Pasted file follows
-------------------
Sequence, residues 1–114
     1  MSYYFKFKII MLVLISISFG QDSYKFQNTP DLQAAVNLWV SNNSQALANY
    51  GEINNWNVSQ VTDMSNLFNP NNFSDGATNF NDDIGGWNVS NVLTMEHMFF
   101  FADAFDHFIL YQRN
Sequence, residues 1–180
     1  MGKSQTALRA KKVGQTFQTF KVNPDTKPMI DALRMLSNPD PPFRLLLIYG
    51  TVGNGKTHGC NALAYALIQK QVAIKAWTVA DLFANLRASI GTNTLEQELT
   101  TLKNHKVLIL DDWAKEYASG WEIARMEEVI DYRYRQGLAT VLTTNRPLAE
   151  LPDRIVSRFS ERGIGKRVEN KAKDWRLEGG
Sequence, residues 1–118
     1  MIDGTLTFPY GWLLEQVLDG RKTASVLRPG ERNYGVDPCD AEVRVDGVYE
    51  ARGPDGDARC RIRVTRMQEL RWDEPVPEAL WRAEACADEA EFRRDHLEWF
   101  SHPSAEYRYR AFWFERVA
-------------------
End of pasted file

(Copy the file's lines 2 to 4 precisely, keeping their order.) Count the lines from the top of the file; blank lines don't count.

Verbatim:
     1  MSYYFKFKII MLVLISISFG QDSYKFQNTP DLQAAVNLWV SNNSQALANY
    51  GEINNWNVSQ VTDMSNLFNP NNFSDGATNF NDDIGGWNVS NVLTMEHMFF
   101  FADAFDHFIL YQRN